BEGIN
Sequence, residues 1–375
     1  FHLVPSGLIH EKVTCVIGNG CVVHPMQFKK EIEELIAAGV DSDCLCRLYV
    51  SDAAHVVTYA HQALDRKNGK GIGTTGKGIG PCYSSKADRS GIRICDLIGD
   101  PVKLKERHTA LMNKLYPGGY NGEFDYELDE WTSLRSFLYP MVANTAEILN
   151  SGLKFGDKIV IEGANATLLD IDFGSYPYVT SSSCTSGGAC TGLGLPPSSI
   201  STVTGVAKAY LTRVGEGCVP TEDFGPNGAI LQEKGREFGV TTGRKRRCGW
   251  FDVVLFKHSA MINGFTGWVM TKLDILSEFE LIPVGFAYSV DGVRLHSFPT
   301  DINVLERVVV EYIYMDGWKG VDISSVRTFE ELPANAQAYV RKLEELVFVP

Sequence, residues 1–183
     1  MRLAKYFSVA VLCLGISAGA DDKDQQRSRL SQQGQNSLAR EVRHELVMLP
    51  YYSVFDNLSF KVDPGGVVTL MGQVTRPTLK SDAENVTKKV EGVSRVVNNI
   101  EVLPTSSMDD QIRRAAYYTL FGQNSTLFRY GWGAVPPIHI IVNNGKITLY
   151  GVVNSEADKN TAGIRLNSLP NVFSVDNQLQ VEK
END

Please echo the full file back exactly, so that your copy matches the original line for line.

Sequence, residues 1–375
     1  FHLVPSGLIH EKVTCVIGNG CVVHPMQFKK EIEELIAAGV DSDCLCRLYV
    51  SDAAHVVTYA HQALDRKNGK GIGTTGKGIG PCYSSKADRS GIRICDLIGD
   101  PVKLKERHTA LMNKLYPGGY NGEFDYELDE WTSLRSFLYP MVANTAEILN
   151  SGLKFGDKIV IEGANATLLD IDFGSYPYVT SSSCTSGGAC TGLGLPPSSI
   201  STVTGVAKAY LTRVGEGCVP TEDFGPNGAI LQEKGREFGV TTGRKRRCGW
   251  FDVVLFKHSA MINGFTGWVM TKLDILSEFE LIPVGFAYSV DGVRLHSFPT
   301  DINVLERVVV EYIYMDGWKG VDISSVRTFE ELPANAQAYV RKLEELVFVP

Sequence, residues 1–183
     1  MRLAKYFSVA VLCLGISAGA DDKDQQRSRL SQQGQNSLAR EVRHELVMLP
    51  YYSVFDNLSF KVDPGGVVTL MGQVTRPTLK SDAENVTKKV EGVSRVVNNI
   101  EVLPTSSMDD QIRRAAYYTL FGQNSTLFRY GWGAVPPIHI IVNNGKITLY
   151  GVVNSEADKN TAGIRLNSLP NVFSVDNQLQ VEK